Lessons Learned After a Disaster with OSU’s Rosslyn Biggs

On today’s Cow-Calf corner, Rosslyn Biggs, DVM, Oklahoma State University Cooperative Extension Beef Cattle Specialist talks about disaster response.

Recently we were reminded of the devasting impacts of Mother Nature during the wildfires that destroyed parts of Oklahoma and Texas. There is a lot to learn from events of this type so that we can be better prepared in the future. Three areas to consider as we reflect include: animal welfare, record keeping, and human health.

Cattlemen and women along with their veterinarians promote animal welfare at all times, but welfare is especially important when considering animals that have been injured in disaster events. During the immediacy of an event, there is often a desire to take extraordinary measures just so an animal can live. However, unbiased health assessment is often the best option before taking on extreme and lengthy treatment. Evaluation should occur quickly to determine if it is truly in the animal’s best interest to undergo treatment or if salvaging the animal is the best option.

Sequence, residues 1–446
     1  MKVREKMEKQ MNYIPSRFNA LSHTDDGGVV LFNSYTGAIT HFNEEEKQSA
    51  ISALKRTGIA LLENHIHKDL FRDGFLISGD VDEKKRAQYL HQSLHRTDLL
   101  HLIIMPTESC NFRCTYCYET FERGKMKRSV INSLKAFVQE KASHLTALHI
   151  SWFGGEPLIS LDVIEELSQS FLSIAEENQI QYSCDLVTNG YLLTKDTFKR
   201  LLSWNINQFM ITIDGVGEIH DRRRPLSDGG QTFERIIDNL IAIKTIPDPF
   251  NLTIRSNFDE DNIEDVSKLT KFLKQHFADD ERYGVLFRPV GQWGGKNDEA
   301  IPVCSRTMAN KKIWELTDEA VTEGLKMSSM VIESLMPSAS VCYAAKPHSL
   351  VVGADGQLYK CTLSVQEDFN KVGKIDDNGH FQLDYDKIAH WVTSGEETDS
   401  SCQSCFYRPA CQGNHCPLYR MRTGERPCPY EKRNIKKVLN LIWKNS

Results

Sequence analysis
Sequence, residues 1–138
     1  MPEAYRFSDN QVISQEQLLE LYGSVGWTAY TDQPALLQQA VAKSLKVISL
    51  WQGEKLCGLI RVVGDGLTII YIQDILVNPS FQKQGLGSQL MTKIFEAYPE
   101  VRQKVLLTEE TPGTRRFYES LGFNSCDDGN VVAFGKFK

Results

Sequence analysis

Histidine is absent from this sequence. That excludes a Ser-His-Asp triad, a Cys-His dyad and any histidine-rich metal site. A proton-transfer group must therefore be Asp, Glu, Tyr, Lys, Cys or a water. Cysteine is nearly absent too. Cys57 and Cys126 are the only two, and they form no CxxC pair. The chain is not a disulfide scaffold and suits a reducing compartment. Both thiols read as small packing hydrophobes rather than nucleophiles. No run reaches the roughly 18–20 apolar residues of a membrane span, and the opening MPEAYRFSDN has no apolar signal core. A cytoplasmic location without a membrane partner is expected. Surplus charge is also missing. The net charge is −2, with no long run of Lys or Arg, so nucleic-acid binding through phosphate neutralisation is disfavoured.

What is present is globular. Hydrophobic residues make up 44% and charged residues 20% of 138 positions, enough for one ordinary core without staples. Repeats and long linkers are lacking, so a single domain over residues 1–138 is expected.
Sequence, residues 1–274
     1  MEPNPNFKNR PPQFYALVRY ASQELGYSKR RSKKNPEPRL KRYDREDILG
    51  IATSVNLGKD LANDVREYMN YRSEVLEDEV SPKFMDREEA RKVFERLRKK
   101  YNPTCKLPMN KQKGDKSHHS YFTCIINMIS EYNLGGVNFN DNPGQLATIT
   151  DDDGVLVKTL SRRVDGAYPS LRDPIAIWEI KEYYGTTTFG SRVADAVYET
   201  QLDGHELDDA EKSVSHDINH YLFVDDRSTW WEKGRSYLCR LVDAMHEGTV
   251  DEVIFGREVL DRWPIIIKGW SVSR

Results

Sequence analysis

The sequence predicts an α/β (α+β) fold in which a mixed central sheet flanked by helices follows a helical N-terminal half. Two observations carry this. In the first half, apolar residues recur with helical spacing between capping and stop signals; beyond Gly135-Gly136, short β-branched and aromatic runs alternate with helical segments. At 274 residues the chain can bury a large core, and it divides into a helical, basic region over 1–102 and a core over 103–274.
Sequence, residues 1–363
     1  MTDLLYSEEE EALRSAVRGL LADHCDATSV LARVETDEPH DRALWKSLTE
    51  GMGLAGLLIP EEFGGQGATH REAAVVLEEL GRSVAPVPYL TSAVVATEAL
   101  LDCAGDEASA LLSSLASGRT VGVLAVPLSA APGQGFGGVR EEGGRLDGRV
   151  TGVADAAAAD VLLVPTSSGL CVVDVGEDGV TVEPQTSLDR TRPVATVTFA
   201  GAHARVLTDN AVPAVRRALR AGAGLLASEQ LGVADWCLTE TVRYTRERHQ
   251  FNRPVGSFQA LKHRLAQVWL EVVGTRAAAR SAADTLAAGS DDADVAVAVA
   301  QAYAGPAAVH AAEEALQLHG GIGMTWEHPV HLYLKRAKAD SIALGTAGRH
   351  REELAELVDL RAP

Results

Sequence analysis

During a disaster response, record keeping and documentation is often the last thing people want to think about. However, records are often even more critical during these periods. Records allow producers to justify eligibility if disaster funds from governmental agencies become available. For instance, maintenance of verified cattle inventories is typically necessary for response programs.

Finally, it is important not to forget the mental and physical toll taken on by impacted producers along with emergency responders during the immediate period of the event and well after. In a desire to help, many people place their own health and safety at risk. Mental fatigue and stress can also develop even in those that are seemingly the strongest. Continual exposure to grief and loss can also impact those helping with the response. It is important to support those needing health care by connecting with them and supporting the need for medical interventions.

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